Additionally, if the CAT is breached by nefarious actors there is little recourse for consumers in terms of who or what entity bears the financial burden of making consumers and companies whole. Without additional consideration of electronic breaches, it could be the consumer or taxpayers who are left picking up the tab.

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ATR Supports Sen. Cruz Bill to End Operation Choke Point

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Posted by James Setterlund on Tuesday, December 10th, 2019, 5:03 PM PERMALINK

Senator Ted Cruz (R-Texas) introduced his “Financial Institution Customer Protection Act of 2019,” which will protect small businesses from an unconstitutional directive similar to the 2013 Department of Justice initiative, “Operation Choke Point.” Choke Point was then administered by the Federal Deposit Insurance Corporation and the Office of the Comptroller of the Currency and threatened financial institutions to cut off all banking activities to legally operating businesses deemed “high risk” by these financial agencies.

From 2013 until the initiative ended in 2017, the FDIC and OCC used their enforcement authority to pressure banks not to lend to businesses in industries the agencies found unsavory. Regulators threatened to increase their oversight of banks that chose to continue financing activities with their customers in these industries. The initiative targeted short-term lenders, firearms and ammunition retailers, pawn shops, and other legally operating business, forcing many small businesses to search for unsecured access to capital or close its doors. This legislation ensures the DOJ and all financial regulators will not be able to abuse its enforcement power in an unconstitutional manner again.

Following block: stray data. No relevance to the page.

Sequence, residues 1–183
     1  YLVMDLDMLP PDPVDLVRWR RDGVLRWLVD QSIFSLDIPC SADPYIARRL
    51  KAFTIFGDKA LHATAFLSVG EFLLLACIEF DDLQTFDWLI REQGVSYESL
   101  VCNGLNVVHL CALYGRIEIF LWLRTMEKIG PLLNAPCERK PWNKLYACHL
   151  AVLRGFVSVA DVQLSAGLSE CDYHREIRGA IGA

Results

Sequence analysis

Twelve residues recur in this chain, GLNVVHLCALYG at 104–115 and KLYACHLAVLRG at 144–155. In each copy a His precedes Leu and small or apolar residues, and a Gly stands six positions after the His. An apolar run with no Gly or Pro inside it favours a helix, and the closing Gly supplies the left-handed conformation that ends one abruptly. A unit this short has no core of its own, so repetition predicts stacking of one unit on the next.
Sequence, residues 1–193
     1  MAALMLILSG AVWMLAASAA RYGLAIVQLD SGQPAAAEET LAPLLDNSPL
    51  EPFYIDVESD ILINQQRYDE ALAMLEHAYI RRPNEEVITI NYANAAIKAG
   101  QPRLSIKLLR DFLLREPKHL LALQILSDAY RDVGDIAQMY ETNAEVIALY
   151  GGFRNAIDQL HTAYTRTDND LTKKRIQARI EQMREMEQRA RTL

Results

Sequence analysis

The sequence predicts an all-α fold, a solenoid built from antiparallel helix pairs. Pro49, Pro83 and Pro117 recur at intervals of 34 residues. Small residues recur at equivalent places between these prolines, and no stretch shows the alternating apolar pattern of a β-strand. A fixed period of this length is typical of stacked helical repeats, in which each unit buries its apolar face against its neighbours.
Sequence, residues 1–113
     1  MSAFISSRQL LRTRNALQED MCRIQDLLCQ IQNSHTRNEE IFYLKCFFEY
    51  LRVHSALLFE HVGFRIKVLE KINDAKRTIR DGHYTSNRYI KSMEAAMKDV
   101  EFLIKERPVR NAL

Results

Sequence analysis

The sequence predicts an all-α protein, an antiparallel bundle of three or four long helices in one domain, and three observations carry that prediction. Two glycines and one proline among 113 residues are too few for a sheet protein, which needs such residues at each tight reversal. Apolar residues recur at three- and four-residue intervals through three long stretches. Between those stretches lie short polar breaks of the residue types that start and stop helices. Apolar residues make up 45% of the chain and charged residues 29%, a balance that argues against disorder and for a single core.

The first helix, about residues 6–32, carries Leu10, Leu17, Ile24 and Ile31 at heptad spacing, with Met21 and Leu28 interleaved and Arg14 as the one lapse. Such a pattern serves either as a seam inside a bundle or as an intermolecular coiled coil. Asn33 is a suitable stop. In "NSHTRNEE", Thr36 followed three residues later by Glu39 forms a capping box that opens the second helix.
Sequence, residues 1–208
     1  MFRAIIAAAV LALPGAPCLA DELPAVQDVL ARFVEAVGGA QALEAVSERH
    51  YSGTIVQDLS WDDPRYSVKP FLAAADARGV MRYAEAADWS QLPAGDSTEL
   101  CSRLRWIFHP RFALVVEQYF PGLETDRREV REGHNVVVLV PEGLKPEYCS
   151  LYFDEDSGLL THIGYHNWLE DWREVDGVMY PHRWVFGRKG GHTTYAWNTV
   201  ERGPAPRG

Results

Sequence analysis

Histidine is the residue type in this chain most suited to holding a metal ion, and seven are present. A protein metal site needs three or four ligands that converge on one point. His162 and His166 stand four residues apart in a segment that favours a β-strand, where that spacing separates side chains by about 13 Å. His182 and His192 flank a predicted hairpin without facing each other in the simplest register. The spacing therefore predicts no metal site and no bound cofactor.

ATR thanks Senators Crapo, Kennedy, Tillis, Sasse, Inhofe, Braun, Lee, Cornyn, and Hyde-Smith for their support by co-sponsoring this bill. ATR president Grover Norquist also thanks Rep. Blaine Luetkemeyer, R-Mo., for his tireless efforts in the House of Representatives to secure the liberties of legally operating businesses and bring to light this abuse by the Obama administration.

Click here to read the full coalition letter.

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ATR Opposes H.R. 4344, which would Expand SEC Bureaucratic Authority

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Posted by James Setterlund on Monday, October 28th, 2019, 2:55 PM PERMALINK

ATR President Grover Norquist sent a letter to Speaker Nancy Pelosi (D-Cal.) and Minority Leader Kevin McCarthy (R-Cal.) expressing his strong opposition to Rep. Ben McAdams’ (D-U.T.) legislation, H.R. 4344. This legislation would overturn a unanimous Supreme Court decision and allow members of Congress to push precedent aside and allow the Securities and Exchange Commission to target businesses with little deference toward due process and allowing for pending complaints to remain dormant for over a decade.